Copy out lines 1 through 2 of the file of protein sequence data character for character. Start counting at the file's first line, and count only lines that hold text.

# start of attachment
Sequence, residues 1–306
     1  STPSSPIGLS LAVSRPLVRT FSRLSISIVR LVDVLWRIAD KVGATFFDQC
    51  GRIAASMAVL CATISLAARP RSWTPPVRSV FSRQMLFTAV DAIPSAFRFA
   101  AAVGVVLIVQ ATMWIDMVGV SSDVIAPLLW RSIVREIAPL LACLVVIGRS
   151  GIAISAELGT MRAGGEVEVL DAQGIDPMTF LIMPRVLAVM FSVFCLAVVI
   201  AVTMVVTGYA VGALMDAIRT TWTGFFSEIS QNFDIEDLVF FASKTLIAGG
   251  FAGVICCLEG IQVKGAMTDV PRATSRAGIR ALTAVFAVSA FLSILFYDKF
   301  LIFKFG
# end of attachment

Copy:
Sequence, residues 1–306
     1  STPSSPIGLS LAVSRPLVRT FSRLSISIVR LVDVLWRIAD KVGATFFDQC